jeesh, what a poopie book
I have been avoiding the House of Night books for a long time. I always pick them up when I'm waiting in the checkout line at places like TJ Max and Target, but for some reason something (probably the cheesy jacket copy, or maybe memories of some really atrocious Amazon reviews on these books that I've come across) always holds me back from purchasing. I happened to come across a copy at my local library the other day, however, and finally decided to take the plunge.
And now I feel justified in having resisted for so long.
I'll start with the one good thing I can say about this book, the first in the House of Night Series (and the last that I will be reading): the myth is interesting and unique. I'm not talking about the concept of a vampire finishing school (sorry, I refuse to type out "vampyre." Presumably the authors thought this bizarre spelling might give the book a sort of mysterious, medieval-ish edge, but actually it just looks ridiculous, especially when words like "poopie" and "ohmygod!" pop up continually on the same page as "vampyre"). Sorry...back to the topic. Yes, the vampire myth presented in this book is a unique one; I liked the idea of the Amazons being ancient vampires, of the matriarchal society, the goddess Nyx, all that. It's a creative idea and had a lot of potential.
Unfortunately, the allure of the myth was completely overshadowed by the absurd and grating vocab. I realize that as a 24 yr old, it's been a little while since I was in high school, but I have a hard time imagining that the vernacular has changed so much since my teenage years that words like "jeesh," "poopie," and "hell! hell! hell!" are now making their way into nearly every sentence a teenager utters. I get that PC Cast is a bit removed from the generation she's writing about, and is trying very hard to make her characters sound their age...but for me, the language seems totally forced, unnatural, and dumb. I really couldn't get past it.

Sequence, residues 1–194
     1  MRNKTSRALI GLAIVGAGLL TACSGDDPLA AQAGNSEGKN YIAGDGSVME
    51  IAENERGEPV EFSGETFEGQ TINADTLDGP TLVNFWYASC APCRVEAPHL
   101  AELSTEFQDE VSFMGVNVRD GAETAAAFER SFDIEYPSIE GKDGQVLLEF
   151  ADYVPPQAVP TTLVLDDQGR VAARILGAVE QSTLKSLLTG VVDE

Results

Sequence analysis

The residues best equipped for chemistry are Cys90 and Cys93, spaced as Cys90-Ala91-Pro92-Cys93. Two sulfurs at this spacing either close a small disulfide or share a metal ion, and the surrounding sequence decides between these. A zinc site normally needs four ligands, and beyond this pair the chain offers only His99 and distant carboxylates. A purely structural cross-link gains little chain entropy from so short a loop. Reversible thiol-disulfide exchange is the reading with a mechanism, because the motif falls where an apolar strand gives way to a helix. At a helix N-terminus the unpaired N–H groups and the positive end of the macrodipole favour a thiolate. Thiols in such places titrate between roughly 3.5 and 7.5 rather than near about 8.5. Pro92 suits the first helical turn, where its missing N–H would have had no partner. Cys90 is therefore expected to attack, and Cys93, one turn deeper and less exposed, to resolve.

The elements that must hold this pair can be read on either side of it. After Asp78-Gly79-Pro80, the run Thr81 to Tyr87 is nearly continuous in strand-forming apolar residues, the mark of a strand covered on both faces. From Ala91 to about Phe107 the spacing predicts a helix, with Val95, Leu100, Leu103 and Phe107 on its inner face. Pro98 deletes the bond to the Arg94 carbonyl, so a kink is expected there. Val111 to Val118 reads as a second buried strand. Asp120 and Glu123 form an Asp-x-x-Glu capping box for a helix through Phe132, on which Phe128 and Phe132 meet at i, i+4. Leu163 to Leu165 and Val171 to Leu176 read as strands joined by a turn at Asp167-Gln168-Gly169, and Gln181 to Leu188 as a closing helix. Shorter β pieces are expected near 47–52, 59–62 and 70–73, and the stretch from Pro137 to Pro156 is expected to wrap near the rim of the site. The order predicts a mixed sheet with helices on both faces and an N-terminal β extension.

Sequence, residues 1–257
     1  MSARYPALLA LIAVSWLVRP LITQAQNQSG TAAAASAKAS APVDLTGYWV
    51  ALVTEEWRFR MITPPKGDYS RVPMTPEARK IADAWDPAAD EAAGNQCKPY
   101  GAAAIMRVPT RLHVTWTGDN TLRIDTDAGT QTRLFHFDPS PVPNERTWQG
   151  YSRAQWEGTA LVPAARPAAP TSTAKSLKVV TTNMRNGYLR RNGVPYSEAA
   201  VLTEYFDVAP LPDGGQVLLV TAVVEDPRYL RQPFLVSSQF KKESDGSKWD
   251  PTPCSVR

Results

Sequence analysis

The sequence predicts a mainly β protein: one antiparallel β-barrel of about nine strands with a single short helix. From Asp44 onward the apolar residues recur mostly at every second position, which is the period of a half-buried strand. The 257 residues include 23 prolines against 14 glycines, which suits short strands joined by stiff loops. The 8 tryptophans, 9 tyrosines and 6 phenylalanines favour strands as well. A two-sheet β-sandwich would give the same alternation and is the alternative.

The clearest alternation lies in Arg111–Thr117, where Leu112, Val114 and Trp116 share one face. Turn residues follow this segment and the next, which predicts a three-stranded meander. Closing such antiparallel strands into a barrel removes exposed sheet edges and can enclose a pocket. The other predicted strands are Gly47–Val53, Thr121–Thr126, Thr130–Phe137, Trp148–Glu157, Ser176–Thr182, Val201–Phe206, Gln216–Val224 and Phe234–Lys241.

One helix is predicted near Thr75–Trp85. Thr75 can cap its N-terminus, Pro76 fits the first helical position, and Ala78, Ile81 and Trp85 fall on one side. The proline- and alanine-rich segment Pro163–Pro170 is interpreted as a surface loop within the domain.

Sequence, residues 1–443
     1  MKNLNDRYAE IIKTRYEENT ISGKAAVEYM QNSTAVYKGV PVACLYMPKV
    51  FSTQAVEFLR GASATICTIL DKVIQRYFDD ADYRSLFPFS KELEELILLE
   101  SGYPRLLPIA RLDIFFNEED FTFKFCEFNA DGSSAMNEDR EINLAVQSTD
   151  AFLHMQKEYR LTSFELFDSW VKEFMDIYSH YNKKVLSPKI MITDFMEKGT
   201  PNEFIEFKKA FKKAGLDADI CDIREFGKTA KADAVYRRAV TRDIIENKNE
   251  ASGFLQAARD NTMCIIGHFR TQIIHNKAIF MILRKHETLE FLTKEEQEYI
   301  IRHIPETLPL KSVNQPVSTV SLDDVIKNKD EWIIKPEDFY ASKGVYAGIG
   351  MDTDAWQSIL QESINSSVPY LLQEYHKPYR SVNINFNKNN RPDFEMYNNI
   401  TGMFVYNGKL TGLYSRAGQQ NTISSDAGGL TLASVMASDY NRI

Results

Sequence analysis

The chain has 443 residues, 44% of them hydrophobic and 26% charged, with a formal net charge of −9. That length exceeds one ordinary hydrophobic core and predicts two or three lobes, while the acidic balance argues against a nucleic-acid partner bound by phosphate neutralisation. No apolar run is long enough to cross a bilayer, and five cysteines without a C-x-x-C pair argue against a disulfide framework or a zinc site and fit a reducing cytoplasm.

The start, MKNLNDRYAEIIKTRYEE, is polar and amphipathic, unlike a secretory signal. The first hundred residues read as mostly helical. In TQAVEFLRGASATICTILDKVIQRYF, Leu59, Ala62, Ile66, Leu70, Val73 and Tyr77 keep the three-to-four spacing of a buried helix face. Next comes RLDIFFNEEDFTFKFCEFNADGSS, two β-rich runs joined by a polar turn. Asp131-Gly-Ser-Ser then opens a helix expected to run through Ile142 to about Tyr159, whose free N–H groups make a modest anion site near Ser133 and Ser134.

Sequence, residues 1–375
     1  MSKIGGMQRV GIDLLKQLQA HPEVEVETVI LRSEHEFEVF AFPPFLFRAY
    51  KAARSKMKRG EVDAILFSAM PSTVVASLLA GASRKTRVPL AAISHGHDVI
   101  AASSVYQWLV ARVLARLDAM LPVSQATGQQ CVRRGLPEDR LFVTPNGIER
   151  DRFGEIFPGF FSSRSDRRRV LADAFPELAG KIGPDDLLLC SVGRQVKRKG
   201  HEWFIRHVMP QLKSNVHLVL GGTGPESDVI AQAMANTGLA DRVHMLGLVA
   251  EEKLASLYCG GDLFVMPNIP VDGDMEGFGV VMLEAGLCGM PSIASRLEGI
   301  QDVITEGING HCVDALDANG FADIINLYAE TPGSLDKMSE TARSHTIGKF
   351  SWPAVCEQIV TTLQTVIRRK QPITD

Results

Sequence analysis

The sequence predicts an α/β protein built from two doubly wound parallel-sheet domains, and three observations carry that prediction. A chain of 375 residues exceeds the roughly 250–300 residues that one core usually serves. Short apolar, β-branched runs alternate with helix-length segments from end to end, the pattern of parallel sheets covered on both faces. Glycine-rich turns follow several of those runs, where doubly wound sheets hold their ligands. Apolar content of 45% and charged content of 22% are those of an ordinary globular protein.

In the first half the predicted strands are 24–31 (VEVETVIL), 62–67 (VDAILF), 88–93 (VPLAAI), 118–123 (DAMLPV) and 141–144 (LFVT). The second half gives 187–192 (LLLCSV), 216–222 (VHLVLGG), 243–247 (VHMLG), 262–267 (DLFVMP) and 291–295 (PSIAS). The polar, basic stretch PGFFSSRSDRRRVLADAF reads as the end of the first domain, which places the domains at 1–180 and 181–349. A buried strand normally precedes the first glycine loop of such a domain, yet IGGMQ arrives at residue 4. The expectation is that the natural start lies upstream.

Another serious stumbling block for me was the main character and narrator, Zoey. When the book begins, Zoey is dating the high school football captain--yet she continually refers to cheerleader type girls as "barbies" and makes fun of people for dyeing their hair blond. It doesn't really make sense; usually the football quarterback's girlfriend wouldn't be so surprised and put off by these types of things...even if she chooses to resist them herself. Additionally, from almost the beginning of the book, we're given the impression that Zoey is "special" - even among vampires, she is somehow superior. For me, this seemed more like "telling" than "showing" on the part of the author. Zoey just didn't really have any character traits that seemed all that remarkable. She never really felt like a real person to me. Maybe she is developed more in the next books...I guess I'll never know.
The final and perhaps most severe problem I had with the book is that it was extremely boring. Solidly half the book takes place during one day of classes at the House of Night, during which there is absolutely no action. We see Zoey go to drama class, English literature class, fencing class, etc. It's like the beginning of a Harry Potter book, minus the characters we love (or love to hate), the unbelievable creativity, and the exciting feeling that something major is about to happen.
To be honest: I made it 2/3 of the way through this, and then skipped to the last chapter. The end was unsurprising, and did not leave me breathless (or even vaguely interested) to find what might happen next.
1.5 stars (the extra .5 is awarded because of the creative take on the vamp myth).
Publisher: St. Martin's Press; First Edition. (September 29, 2009)